Years ago, when I taught high school, there was a teen girl from Pakistan in my US History class. She wasn't a great student. She and I didn't seem to click. Today I don't even remember her name. But, one day she mentioned that soon she would return to Pakistan to marry. Her Muslim girlfriends assured me that she wasn't kidding and they were worried for her as there was no way she was getting out of the marriage. "Her parents are strict," they would tell me. I only half believed or understood this talk at the time. After all, she was a very social and American acting teen with a boyfriend. She dressed western and in a way I would call provocative and what other students would term "slutty". How could parents of a girl like this be strict?
I've thought of that student many times as I've read books such as Three Cups of Tea and Stones into Schools by Greg Mortensen. However, the memory of this former student haunted me as I read Kabul Beauty School by Deborah Rodriguez (2007 Random House).
Rodriguez, a beautician from Michigan with a textured past as a twice divorced single mother finds herself in Afghanistan in 2005 working to establish a beauty school for Afghan women as a means to empower that nation's women as independent, thinking contributors to their society. None of the story is easy from Rodriguez's personal journey to the lives of the women she wishes to make a positive impact on. However, Rodriguez's experiences living in Afghanistan as an American woman are fascinating. She really does get "behind the veil" to learn what life is like for women in Afghan culture…what is difficult, what is impossible but better yet what is possible given the right attitude, the right friends and connections and a compassionate heart.
I have just a tiny bit of experience as a volunteer for a humanitarian organization that seeks to improve lives of vulnerable and cast off members of an Asian nation. Working with an in another culture and society is difficult to say the least. I appreciate that the author shared how difficult it is to learn a culture, successfully live in the culture and work to improve the lives within that culture all at the same time. It seems impossible the whole time until one looks back and sees the work that has been accomplished. It reminds me of a term that I learned working to improve the lives of orphans in China:"baby steps". Progress can be accomplished but at a much slower pace than what we westerners understand. Furthermore, we westerners can learn a thing or two by slowing down and understanding what does work in another culture. It can often be enlightening to us if we give it a chance!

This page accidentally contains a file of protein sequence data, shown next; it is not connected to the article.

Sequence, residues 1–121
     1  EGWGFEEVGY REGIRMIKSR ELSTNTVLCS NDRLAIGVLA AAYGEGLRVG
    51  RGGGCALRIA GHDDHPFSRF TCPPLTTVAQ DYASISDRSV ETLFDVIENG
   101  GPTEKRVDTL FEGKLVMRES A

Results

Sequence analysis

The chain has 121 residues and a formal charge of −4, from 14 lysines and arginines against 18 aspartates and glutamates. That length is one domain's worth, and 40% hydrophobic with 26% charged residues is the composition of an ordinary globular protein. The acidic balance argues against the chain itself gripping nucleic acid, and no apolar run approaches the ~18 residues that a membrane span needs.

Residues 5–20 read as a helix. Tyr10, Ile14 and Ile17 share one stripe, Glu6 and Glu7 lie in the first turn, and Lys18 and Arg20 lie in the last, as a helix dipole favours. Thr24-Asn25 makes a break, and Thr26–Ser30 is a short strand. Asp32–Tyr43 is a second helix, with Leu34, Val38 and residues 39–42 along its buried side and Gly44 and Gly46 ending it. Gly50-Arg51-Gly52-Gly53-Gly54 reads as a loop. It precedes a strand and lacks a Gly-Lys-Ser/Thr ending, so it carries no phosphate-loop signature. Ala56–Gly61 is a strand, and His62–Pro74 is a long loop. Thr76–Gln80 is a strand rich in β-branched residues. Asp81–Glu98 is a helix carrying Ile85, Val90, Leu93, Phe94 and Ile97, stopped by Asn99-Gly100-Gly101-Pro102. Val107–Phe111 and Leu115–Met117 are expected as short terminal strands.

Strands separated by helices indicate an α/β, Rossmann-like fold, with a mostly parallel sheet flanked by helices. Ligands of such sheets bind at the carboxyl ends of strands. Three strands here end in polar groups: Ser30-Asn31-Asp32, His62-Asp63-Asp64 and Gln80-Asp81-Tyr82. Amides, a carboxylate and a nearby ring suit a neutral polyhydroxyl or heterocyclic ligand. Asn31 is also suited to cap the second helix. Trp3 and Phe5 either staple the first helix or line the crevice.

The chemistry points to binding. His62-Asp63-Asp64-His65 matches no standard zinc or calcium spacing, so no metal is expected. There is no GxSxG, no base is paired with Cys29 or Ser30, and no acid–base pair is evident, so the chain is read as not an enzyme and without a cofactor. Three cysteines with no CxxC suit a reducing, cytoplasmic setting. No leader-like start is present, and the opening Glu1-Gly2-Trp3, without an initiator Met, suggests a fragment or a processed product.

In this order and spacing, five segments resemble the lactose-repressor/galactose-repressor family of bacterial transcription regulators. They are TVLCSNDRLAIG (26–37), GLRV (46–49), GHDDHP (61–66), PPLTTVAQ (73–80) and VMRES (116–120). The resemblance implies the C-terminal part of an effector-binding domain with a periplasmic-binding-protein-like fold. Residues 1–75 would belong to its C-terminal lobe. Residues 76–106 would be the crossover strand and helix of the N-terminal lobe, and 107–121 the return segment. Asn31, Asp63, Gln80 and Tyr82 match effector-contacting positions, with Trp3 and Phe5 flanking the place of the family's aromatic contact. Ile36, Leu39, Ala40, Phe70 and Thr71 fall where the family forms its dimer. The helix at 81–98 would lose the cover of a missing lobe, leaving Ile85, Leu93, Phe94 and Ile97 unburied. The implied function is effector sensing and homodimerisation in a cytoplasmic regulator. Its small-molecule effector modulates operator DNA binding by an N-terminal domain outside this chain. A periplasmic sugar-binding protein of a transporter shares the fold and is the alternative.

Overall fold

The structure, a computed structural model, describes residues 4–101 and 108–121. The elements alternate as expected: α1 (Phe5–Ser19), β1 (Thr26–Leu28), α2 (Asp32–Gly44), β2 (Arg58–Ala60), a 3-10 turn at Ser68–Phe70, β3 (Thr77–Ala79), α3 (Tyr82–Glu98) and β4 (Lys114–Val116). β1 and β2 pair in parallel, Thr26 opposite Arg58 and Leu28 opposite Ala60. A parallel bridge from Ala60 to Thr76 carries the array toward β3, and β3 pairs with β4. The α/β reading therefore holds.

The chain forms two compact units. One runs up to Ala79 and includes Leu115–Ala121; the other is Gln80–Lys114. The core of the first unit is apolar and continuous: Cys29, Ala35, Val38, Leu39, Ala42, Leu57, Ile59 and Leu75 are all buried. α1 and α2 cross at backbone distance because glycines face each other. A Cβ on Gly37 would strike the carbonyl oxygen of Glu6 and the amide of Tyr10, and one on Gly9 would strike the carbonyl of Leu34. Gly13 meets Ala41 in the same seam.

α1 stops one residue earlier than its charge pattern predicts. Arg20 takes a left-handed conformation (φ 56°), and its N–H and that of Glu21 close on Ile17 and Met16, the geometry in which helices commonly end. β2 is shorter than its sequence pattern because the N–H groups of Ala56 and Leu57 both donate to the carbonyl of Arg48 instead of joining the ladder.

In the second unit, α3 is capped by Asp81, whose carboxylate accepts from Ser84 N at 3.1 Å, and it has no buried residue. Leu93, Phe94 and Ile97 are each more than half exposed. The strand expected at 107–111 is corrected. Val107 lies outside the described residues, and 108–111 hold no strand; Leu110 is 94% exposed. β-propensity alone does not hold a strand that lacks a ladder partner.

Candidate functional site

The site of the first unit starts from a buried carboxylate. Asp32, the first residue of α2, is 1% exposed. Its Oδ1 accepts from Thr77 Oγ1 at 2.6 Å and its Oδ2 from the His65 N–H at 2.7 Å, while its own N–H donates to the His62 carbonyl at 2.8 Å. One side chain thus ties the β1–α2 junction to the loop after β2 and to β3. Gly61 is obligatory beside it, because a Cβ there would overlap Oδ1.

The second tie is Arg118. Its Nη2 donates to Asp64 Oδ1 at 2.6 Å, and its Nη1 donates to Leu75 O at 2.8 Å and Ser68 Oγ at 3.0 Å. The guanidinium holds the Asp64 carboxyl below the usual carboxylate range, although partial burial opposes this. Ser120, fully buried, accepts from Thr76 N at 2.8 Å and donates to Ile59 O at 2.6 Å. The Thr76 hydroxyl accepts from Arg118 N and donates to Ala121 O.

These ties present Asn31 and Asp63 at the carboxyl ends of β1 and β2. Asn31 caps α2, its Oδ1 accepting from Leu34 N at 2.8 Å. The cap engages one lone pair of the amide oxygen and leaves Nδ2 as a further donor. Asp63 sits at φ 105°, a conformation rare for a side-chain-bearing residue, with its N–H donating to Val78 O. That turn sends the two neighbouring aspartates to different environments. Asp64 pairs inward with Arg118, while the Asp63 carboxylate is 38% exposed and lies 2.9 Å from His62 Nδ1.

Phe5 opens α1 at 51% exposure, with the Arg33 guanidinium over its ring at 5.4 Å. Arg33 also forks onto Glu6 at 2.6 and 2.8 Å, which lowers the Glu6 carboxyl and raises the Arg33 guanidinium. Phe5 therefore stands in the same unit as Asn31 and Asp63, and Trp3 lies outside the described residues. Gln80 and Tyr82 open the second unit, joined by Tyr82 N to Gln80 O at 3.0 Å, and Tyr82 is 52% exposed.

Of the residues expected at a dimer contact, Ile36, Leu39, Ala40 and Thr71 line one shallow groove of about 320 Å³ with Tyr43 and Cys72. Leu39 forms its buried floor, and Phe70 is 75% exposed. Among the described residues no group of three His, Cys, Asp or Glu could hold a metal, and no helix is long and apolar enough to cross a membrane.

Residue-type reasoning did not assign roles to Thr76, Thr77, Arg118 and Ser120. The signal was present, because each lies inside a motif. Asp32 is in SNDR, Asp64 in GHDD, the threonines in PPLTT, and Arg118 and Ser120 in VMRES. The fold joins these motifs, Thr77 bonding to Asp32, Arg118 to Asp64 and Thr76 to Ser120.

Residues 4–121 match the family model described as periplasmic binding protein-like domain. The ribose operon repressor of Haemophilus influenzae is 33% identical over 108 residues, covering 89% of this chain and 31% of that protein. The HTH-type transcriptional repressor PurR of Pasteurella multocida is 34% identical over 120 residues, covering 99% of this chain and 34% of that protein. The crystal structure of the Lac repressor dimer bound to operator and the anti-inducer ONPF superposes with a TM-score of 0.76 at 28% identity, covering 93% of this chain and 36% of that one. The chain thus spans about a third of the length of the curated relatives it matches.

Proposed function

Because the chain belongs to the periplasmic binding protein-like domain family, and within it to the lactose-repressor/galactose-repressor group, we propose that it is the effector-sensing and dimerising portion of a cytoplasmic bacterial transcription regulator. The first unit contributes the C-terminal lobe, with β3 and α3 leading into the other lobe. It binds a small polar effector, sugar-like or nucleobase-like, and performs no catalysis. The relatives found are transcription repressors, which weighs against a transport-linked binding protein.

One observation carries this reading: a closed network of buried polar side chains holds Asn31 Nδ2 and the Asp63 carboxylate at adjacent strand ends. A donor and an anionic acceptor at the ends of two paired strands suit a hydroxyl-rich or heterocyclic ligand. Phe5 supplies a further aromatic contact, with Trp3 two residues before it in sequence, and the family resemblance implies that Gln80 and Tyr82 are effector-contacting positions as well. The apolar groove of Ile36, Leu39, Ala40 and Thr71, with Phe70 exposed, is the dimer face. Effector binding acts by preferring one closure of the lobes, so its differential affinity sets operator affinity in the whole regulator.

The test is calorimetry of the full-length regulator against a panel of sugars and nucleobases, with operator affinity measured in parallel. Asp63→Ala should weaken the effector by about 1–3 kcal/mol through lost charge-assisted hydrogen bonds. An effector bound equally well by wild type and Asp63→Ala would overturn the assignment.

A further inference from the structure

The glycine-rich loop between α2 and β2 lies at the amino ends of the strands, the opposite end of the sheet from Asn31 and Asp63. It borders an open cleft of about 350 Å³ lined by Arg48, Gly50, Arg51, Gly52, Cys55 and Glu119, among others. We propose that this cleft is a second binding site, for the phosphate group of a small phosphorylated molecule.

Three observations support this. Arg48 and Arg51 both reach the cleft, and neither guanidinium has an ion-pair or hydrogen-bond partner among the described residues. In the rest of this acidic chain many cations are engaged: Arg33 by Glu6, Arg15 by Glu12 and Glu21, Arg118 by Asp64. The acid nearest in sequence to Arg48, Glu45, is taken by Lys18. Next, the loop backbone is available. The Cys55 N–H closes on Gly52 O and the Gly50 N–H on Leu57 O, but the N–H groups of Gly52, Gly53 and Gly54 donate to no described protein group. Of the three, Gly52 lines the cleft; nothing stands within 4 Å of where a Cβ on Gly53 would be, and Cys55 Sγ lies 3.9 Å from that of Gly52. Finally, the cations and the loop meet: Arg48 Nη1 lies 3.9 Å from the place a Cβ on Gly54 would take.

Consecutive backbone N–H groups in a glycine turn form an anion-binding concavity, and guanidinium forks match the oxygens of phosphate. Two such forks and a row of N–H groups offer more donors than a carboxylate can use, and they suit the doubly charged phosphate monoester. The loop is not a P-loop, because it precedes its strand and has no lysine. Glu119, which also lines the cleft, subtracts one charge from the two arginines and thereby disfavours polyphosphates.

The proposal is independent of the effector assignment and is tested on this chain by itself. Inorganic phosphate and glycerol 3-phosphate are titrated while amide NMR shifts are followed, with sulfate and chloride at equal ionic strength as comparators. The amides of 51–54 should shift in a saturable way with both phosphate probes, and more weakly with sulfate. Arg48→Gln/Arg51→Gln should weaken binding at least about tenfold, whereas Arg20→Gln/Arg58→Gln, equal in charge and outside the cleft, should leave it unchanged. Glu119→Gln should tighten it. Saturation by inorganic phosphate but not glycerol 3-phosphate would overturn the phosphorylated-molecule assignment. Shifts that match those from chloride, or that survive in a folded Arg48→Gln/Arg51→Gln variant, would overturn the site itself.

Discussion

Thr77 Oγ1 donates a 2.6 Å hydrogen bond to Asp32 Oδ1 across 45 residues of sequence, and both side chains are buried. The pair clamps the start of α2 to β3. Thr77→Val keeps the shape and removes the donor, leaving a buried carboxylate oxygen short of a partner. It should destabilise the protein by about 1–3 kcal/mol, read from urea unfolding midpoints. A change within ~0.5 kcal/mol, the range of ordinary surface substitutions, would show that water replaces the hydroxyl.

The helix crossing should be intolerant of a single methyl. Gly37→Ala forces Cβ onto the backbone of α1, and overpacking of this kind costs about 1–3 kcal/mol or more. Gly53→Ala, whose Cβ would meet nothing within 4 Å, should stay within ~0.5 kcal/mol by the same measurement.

School Library Journal has given a solid positive review of this book at Amazon.com for high school students and adults: http://www.amazon.com/Kabul-Beauty-School-American-Behind/dp/1400065593
I think that older teens able to handle the descriptions of cultural differences related to marriage and sexual relations between western and Afghan culture could learn a lot from this book. Additionally, I found myself considering the advantages and power that have been afforded beauticians in my own culture that I had never give thought to before. Beauticians for generations have been independent business women that make decisions, bring home the bacon and often raise children in the midst of it all. Virginia's own Maggie Walker earned a kind of fame as an early beautician for the African American community in a similar way that Rodriguez seeks to do for Afghan women.
My Pakistani student from a decade ago was not Afghan….so I cannot know her experience from reading this book. I do have a broader understanding for what life as a woman in a Muslim culture entails thanks to Rodriguez's generous sharing of her experience in Kabul Beauty School.
Additional photos of Rodriguez's life in the Kabul Beauty School and Afghanistan can be found at her non-profit Oasis Rescue website: http://oasisrescue.org/
The Kabul Beauty School is not without controversy….certainly controversial in Afghanistan where beauty shops are suspected of being "fronts" for brothels but also in the west where there are grumblings between the school's founders and the author of the book about who did what and when for the school. Despite the grumblings which can easily be found in Google searches, I felt that I learned a great deal from this book. It's a great read!
Rodriguez, D. (2007). Kabul Beauty School: An American Woman Goes Behind the Veil. New York: Random House.